Thursday, August 27, 2015

Creating masterpieces

When I was a child, I had a box of ten crayons. I so wanted that box of 64 with built in sharpener, but my parents could not afford it. So I created with what I had. I loved to color.

When my children were small, they had color and paint by number sets, and they used felt tipped markers to color in designs printed on black felt. Not much creativity allowed, but the finished product was the reward for the painstaking fine-motor task of not letting the paints or colors blend when they touched.

Many years ago when my friend Rose was dying of cancer at age 52, I sat with her in her kitchen and we colored with crayons in individual coloring books. We were focused, together, but lost in our own thoughts, sometimes reminiscing aloud about how our children used to color when they were small. How the kindergarten teacher wrote "Needs Improvement" on their report cards when they colored out of the lines.

It was a time when we could just BE, to fill the long hours. We didn't need words to express what was on our minds. We didn't focus on the chemo and radiation, the pain and suffering. We sat, happily, together, lost in our individual works.

All the while, we were working. Working to simultaneously hold on and let go.

These days coloring has had a resurgence. It is a way for adults to relax, get lost in thought, unwind, and release their creativity. Granted, the patterns are fine-detailed and more complicated. This morning the news featured a coloring group where women gather for fun and friendship.

Seems like a wholesome and fun activity. When is the last time you colored?

Note to parents and grandparents of young children: they need lots of space to sprawl because they do not have well developed fine motor control, and staying in the lines is not necessary, so ditch the coloring books for preschoolers and allow them to DRAW not just color.


Bookie said...

I have been hearing about the medatative and blissful state of coloring pages. Have you gone to Amazon and looked up coloring books? Hundreds!!!! Intricate and various and inviting...go look if you haven't, amazing!

Lisa Ricard Claro said...

You've hit a happy nerve with me---I loved to color as a kid, loved to color with my kids when they were little, and some day I'll color away with my grandbabies, if I'm fortunate enough to have a couple. I remember years ago---probably 30 or so---my cousins, my sister, and I had a coloring party one afternoon, all of us in our 20s and 30s. It was so much fun, to just sit and color and laugh together. Two of my cousins are gone now, and of all the memories I have of them, that afternoon is one of my favorites.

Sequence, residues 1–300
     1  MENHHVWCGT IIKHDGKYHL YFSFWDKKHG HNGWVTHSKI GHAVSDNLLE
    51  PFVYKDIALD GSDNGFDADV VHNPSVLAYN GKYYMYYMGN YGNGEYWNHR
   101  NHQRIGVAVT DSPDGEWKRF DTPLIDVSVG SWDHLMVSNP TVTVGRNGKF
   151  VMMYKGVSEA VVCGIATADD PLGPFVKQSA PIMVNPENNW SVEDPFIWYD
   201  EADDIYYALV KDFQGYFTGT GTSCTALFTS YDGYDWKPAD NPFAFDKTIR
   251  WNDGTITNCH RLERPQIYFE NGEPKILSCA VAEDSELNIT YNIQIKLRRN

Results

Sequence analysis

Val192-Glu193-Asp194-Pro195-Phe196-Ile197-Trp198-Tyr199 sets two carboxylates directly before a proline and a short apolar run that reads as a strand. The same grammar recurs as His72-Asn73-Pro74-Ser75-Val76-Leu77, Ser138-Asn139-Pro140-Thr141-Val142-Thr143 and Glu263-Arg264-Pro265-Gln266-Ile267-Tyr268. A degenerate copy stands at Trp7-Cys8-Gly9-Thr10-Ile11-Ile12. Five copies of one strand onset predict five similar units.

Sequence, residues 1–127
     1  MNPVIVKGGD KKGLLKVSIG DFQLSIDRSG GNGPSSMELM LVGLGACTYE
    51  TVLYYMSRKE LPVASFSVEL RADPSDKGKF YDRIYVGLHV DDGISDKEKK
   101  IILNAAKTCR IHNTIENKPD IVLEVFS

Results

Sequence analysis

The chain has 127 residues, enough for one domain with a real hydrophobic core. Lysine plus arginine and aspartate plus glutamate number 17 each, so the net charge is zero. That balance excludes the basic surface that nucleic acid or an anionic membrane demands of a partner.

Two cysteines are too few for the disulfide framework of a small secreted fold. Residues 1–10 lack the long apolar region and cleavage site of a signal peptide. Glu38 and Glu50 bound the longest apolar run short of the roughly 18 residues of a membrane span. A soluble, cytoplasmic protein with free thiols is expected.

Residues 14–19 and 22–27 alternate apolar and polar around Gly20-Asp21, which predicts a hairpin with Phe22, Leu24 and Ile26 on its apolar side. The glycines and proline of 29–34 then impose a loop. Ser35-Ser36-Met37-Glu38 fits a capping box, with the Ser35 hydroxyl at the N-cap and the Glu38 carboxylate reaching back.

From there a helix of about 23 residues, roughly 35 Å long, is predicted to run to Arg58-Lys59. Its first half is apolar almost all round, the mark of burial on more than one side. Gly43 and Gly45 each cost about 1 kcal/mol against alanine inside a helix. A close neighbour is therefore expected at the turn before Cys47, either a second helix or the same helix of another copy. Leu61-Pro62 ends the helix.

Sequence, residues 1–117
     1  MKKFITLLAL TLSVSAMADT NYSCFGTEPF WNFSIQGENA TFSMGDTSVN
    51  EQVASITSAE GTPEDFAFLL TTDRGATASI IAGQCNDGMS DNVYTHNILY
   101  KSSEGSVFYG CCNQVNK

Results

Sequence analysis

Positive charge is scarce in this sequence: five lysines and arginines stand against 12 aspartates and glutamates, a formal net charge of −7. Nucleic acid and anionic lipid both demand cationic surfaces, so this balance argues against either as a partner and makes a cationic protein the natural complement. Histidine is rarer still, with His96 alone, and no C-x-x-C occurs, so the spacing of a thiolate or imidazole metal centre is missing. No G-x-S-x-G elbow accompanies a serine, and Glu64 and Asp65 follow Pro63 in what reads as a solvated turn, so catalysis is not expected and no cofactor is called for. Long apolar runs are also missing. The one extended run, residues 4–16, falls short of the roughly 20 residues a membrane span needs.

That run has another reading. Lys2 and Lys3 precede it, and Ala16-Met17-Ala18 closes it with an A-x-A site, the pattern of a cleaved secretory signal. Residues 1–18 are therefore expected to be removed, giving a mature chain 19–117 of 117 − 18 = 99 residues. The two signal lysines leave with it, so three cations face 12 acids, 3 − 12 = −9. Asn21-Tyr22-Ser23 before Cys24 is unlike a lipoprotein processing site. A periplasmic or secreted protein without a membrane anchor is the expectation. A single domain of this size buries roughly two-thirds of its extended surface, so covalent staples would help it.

Pat Wahler said...

At a holiday craft event for kids, one of the stations included coloring pages, markers, and glitter pens. I couldn't believe how many parents sat down to color right alongside their kids!

I've checked out the adult coloring books at Hobby Lobby and am very tempted. Haven't given in yet, though, because I don't need another happy distraction.

Critter Alle

Tammy said...

I was so moved by the line, "Working to simultaneously hold on and let go." How lovely. I was recently thrilled to see a commercial for an adult's coloring book. I thought I was the only grown up who was sad when my little girl gave up her coloring books that I borrowed.

Val said...

I don't have time to color. Maybe that's why I's so crotchety in my old age.

When I was a kid, my favorite coloring book was The Flintstones. I had the 64-box of crayons, but I had to share it with my sister (the future ex-mayor's wife). Let the record show that those worn-down stubs with their paper ripped off were a nightmare to put back in the box.

Sioux Roslawski said...

Linda--I love to zentangle. It's relaxing AND creative.

I think in this day and age, we need more ways to return to a simpler time. And coloring/doodling is one way to do that.

Connie said...

I like to color too. It gives me a chance to think. I've been seeing many different coloring books for adults advertised. I think it's a great idea.

Susan said...

Well, my granddaughter, soon to be three years old, and I do lots of art projects. She loves them almost as much as me. hee hee Susan

Unknown said...

My adult granddaughter suffers from anxiety and depression and just came across a coloring book designed for anxiety sufferers! What a great idea!